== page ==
Ben Web

Farewell Holden, Australia’s own car – Dubai Car News

LLadies and gentlemen, as you read this, be aware that we have reached ‘Peak Holden’. I guarantee there will never be more genuine Aussie Holdens on our roads than there are now. The last Australian-made Holden rolls off the production line today.

First published on the last day of local Holden production, October 20, 2017.

This is a bloody tragedy that has befallen our country’s manufacturing sector. People may fire up on social media or set fire to some foam, thinking they know the secret of how it all happened, but it was really death by a thousand cuts.

Politically, the right is keen to blame the union-heavy left. But does the union have anything to answer for? They fought for better conditions for factory workers, trying to win a fair day’s pay for a fair day’s work from multinational companies that were notorious for their insatiable desire for greater efficiency and cost-cutting. . At the turn of the millennium, I had a brief stint as a Holden worker and don’t seem to remember sniffing plasma screen TVs and waving pineapples at Henson Road prostitutes during my hours. I’ll admit it was pretty good coin for a young lad, but it was a hard day’s work, 10 hours a day, six days a week.

Yet if our factories only paid the legal minimum wage in 2017, $18.29 an hour is more than the six rupees an hour workers in Thailand receive. This is Thailand, with which the Howard government signed a free trade agreement in 2005, allowing 1.8 million imported vehicles to wash up on our shores over the next 11 years. In contrast, we sent 100 Ford Territories back to Thailand, where their industry was protected by hidden barriers and their registration scheme favored smaller capacity engines. How was this a level playing field? How was this a good deal for our country? for shame.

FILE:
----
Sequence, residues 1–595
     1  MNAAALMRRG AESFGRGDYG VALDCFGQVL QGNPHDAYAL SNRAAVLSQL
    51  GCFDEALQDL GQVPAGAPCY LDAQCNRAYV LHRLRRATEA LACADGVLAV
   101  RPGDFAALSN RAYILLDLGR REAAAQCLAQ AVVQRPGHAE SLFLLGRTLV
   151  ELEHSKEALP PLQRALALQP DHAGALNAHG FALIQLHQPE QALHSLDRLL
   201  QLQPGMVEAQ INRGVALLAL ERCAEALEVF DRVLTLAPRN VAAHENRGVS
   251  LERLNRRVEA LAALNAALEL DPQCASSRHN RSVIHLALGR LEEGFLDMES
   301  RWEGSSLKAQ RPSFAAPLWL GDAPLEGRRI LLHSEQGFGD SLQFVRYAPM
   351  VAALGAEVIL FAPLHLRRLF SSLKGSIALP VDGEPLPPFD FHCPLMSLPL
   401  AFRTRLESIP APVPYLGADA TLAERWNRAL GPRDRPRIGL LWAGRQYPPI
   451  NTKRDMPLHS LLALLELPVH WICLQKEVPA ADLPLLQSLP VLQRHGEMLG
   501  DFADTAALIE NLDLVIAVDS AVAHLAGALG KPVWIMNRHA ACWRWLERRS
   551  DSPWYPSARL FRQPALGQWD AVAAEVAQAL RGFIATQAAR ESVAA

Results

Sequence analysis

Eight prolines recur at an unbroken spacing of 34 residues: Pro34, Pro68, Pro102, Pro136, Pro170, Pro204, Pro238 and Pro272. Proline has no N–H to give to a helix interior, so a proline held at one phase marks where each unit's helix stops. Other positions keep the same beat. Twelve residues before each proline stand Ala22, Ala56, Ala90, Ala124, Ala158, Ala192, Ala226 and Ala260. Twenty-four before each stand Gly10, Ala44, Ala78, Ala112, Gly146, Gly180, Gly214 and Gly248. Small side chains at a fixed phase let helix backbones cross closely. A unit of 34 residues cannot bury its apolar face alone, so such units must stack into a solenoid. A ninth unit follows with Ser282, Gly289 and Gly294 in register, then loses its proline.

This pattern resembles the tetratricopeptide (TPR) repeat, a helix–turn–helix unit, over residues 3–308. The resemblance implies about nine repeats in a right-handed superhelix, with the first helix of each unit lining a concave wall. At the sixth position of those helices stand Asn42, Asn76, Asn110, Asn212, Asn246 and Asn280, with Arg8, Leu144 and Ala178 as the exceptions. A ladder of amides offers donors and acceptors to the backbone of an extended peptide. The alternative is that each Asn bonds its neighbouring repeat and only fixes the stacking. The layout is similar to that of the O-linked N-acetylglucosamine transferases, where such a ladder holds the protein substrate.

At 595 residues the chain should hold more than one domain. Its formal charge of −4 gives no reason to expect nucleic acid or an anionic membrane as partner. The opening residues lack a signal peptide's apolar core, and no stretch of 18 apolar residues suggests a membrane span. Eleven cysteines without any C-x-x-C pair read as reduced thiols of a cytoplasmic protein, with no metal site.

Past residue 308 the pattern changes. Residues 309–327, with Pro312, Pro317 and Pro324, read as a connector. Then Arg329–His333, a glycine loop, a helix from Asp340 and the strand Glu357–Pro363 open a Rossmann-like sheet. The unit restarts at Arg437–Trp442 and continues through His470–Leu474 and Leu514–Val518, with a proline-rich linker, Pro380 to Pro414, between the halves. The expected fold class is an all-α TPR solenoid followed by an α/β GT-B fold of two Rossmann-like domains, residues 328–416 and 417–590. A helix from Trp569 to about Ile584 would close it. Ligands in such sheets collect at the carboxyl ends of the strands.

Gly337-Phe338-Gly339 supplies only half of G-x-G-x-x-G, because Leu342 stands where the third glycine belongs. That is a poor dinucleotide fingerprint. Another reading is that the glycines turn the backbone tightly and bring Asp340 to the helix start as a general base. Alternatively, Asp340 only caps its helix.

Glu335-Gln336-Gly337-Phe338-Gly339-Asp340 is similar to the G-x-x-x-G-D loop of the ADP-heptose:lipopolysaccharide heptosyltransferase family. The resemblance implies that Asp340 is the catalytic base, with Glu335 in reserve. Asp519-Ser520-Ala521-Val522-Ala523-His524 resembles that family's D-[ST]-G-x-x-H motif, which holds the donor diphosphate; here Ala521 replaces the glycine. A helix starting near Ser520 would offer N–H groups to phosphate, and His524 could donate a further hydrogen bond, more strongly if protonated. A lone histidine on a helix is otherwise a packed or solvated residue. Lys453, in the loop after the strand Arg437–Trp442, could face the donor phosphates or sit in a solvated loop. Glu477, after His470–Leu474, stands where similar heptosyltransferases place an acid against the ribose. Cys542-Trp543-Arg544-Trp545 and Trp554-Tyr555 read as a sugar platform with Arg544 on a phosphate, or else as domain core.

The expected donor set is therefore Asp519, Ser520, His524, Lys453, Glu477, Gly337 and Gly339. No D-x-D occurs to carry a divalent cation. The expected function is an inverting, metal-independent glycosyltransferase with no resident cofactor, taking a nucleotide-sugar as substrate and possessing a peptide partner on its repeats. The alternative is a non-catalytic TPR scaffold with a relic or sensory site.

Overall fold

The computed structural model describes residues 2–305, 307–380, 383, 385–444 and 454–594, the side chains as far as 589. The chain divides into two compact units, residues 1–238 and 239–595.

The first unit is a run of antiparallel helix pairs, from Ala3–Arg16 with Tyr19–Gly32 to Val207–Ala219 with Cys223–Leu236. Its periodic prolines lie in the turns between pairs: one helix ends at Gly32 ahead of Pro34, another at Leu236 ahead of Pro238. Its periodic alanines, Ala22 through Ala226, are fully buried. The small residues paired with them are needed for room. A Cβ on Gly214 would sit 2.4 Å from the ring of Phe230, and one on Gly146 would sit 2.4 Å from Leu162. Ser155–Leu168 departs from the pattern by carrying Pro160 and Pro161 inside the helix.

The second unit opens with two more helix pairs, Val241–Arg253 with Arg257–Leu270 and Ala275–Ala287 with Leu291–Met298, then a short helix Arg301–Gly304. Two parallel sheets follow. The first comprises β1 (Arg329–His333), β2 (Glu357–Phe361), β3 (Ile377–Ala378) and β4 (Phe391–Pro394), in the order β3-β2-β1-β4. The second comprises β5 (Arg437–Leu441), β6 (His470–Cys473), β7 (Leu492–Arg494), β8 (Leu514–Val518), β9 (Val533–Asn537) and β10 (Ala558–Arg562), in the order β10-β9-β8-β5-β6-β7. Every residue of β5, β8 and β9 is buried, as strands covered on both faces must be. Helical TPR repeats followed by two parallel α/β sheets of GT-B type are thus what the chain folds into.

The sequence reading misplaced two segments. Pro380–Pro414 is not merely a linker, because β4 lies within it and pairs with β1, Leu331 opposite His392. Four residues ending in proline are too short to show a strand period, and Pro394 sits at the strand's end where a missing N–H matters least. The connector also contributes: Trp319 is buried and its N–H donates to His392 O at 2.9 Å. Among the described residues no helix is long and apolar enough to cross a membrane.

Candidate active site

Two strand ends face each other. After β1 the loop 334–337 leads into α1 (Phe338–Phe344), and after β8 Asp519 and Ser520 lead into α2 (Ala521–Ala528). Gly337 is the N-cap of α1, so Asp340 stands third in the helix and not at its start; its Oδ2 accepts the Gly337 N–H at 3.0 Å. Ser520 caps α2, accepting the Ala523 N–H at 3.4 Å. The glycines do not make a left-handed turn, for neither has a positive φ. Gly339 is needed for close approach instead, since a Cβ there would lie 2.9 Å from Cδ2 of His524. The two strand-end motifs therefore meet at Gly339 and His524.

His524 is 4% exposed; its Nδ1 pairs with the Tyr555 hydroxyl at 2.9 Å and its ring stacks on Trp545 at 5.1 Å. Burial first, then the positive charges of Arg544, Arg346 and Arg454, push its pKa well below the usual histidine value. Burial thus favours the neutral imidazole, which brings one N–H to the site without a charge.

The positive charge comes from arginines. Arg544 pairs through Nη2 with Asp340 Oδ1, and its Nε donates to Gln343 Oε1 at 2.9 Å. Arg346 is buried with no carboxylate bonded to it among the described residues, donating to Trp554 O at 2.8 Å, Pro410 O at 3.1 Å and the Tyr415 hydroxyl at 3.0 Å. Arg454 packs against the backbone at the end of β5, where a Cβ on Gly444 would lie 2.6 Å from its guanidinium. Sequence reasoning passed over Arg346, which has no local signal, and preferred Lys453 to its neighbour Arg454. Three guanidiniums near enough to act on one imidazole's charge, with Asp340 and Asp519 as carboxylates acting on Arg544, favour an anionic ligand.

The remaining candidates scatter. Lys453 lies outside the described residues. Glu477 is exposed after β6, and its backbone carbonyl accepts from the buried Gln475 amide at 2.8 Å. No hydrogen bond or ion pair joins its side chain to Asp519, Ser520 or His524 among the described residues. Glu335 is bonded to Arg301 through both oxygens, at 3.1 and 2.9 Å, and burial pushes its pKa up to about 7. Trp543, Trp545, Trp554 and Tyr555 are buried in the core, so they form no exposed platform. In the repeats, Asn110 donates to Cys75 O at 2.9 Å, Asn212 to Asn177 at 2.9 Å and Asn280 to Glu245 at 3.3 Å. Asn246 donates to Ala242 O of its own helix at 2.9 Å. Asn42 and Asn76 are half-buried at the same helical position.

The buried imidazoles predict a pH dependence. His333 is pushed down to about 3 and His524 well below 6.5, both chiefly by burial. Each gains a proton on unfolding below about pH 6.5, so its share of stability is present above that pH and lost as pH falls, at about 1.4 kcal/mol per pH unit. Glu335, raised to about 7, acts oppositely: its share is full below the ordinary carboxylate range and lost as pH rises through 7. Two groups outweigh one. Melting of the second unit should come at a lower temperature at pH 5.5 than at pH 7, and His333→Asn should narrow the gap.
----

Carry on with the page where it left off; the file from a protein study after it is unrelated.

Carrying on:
Hold factory final jpg


Eight years after the Thai Free Trade Agreement decimated our industry with cheap, tariff-free imports, the Abbott Government forced Australia’s car manufacturers to pull the plug on cuts to subsidies. And they did – pretty much the next day – Holden announced its 2017 closure on 11 December 2013.

Great job, Tony. Australia subsidizing its auto industry was no different than any other car manufacturing country. They protect what is important to them, whether through handouts or tariffs or both. There was nothing brave about trying to isolate Australia’s car industry. It was not a proud moment in our political history. The mining industry and farmers have all received a top-up when times were bad, because the government reaps the rewards when times are good. Then Abbott turns around and says: “This is not the time to play politics. This is not the time to engage in the blame game. Yes, it is; We had it and you ruined it, Tony.

But maybe that was just an excuse that GM was looking for. A strong dollar under Labor had squeezed our export credentials. We are not a developing nation after all, and don’t buy six bucks an hour a pie in a factory canteen to keep the house afloat.

Then there is the problem of market fragmentation. It has been pointed out that Holden, Ford and perhaps even Toyota failed to keep up with consumer trends. Consumers stopped buying Aussie cars en masse – consumers to note include large fleet buyers such as Telstra and Self-Government. Remember when the VT Commodore wagon came out and every second was a Telstra car? Telstra’s buying power was so strong that it influenced the design of the VT, with the telco promising massive fleet contracts if Holden surpassed the Falcon in wagon size. But Telstra moved on, turning to admittedly more practical one-box vans, while the Holden wagon re-evolved, losing boot space to the VE/VF and sacrificing load area for style. A decade after the VT, good used ex-fleet cars dried up and Australian buyers stopped dreaming of one day upgrading to a new car out of eighty.